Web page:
Criminological Research, Policy and PracticeDeveloping creative methodologies: using lyric writing to capture young peoples’ experiences of the Youth Offending Services during the Covid19 pandemic

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    The Covid19 lockdowns (2020-2021) disrupted all aspects of usual functions of the Criminal Justice System, the outcomes and impact of which are largely still unknown. The pandemic affected individuals across the wider society, this includes the social circumstances of young people involved within Youth Offending Services (YOS) (Her Majesty’s Inspectorate of Probation, 2020; Criminal Justice Joint Inspectorates, 2021). This population is frequently drawn from marginalised circumstances and rarely given the opportunity to participate meaningfully in the services they are involved in. This paper outlines a creative methodology and method used to uncover the experiences and perceptions of the young people undergoing an order within a YOS during the Covid19 lockdowns. The arts-based approach entailed a novel and creative method using an artist to engage with young people through a virtual platform, supporting them to devise lyrics which captured their perceptions and experiences of the YOS during this time. The artist developed a successful rapport with young people based on, familiarity with and passion for, music. He promoted their strength, improving their confidence which was perceived to elicit more in-depth perspectives that might not have otherwise been obtained using more traditional methods. As such, the method and methodology outlined developed the young peoples social and communicative skills whilst producing meaningful feedback that can contribute to the YOS recovery plan and thus future of the service. This paper reports on a novel arts-based research methodology, implemented to capture meaningful data from participants during the Covid19 pandemic. This paper reports on a novel arts-based research methodology, implemented to capture meaningful data from participants during the Covid19 pandemic

    YOUR MUSIC OR MINE, MISS? CULTURALLY RESPONSIVE PATHS TO INCLUSIVE MUSIC EDUCATION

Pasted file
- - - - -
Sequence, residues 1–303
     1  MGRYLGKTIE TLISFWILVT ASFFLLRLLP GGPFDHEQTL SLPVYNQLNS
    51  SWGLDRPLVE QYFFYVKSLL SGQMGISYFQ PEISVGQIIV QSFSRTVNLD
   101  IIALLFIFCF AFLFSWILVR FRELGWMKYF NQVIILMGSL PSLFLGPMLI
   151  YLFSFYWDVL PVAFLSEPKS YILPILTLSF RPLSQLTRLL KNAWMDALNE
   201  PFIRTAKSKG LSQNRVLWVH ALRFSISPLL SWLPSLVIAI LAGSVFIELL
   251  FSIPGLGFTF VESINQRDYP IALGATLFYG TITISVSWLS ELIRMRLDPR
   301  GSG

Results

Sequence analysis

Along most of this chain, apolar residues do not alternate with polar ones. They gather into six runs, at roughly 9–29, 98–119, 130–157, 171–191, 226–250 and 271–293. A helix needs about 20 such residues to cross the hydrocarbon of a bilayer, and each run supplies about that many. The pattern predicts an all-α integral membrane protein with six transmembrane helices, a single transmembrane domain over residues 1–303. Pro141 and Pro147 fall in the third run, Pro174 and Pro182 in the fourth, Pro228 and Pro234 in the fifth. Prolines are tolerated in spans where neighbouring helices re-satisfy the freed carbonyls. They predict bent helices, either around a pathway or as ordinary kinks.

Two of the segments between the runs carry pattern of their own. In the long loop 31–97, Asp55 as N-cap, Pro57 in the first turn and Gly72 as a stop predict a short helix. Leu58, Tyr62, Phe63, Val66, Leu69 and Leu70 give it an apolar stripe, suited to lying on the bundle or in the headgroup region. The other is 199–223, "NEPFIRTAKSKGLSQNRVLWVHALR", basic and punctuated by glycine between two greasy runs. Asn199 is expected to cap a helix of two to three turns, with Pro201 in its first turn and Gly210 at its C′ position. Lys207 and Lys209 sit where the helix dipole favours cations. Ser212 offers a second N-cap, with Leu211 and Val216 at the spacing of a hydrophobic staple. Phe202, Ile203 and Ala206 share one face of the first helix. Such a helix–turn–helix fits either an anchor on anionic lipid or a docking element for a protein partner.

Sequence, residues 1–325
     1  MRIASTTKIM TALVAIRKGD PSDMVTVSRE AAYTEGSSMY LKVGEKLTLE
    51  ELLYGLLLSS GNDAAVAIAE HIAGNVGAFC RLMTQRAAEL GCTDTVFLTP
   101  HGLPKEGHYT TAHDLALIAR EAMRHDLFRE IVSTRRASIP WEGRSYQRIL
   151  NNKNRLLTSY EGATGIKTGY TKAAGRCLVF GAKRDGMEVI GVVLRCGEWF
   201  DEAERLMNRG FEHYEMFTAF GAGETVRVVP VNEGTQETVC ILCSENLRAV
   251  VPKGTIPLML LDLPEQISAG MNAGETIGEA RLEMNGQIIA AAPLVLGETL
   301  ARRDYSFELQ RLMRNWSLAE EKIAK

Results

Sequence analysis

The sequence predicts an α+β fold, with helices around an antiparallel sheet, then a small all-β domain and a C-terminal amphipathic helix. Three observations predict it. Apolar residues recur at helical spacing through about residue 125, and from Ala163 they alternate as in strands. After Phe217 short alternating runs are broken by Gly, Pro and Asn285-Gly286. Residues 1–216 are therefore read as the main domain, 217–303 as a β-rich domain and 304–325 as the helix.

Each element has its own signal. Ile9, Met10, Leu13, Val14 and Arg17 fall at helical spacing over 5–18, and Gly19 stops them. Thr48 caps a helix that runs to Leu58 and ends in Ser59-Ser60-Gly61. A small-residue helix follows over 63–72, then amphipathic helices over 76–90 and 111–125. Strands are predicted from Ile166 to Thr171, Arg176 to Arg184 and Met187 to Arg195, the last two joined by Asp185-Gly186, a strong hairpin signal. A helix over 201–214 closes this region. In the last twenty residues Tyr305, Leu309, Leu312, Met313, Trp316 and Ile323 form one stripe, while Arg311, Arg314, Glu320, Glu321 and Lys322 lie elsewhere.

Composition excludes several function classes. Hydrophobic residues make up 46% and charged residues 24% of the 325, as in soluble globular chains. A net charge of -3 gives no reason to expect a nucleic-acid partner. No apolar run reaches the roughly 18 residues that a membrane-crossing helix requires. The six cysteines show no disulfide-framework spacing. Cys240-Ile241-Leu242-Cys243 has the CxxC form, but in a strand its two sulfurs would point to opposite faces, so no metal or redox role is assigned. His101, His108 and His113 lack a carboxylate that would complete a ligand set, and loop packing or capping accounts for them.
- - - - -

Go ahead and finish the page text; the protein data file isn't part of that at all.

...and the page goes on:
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    This study examines the way in which secondary aged pupils from minority ethnic groups are currently served by the music provision offered in schools and from Music Education Hubs in England. The research considers the pupils’ experiences and perceptions, it investigates how teachers conceive and operationalise pedagogy in response to cultural diversity, and identifies the institutional cultures and practices that may impact on minority ethnic pupils’ active engagement and participation in elective music provision. The principle aims of this doctoral study are to foreground the voices of the pupils in identifying pedagogy and practice which is responsive to cultural diversity, and to make recommendations for initial teacher education and continuing professional development which advance inclusive teaching and learning in music. Employing a theoretical framework of critical race theory, interviews were undertaken with ten secondary school music teachers and four Music Education Hub leaders. Group interviews were undertaken with fourteen focus groups, comprising fifty-one pupils in total, in three case study schools in West Yorkshire. The analysis indicates that pupils valued ownership, choice and agency in their musical learning and open accessibility of resources and musical experiences. Pupils were keen to learn about the music from their cultural heritages, they articulated the potential of this as a culturally sustaining pedagogy and as a way of developing cultural understanding. At the same time, some recognised their teachers’ lack of knowledge, lack of sensitivity and their reluctance to confront difficult political histories and contexts which would lead to a greater understanding of the music. The analysis identified a lack of data to monitor the ‘reach’ of the music provision provided by the Music Education Hubs and schools, and a lack of governance, challenge and critical reflection on this issue. The analysis indicates that pupils valued ownership, choice and agency in their musical learning and open accessibility of resources and musical experiences. Pupils were keen to learn about the music from their cultural heritages, they articulated the potential of this as a culturally sustaining pedagogy and as a way of developing cultural understanding. At the same time, some recognised their teachers’ lack of knowledge, lack of sensitivity and their reluctance to confront difficult political histories and contexts which would lead to a greater understanding of the music. The analysis identified a lack of data to monitor the ‘reach’ of the music provision provided by the Music Education Hubs and schools, and a lack of governance, challenge and critical reflection on this issu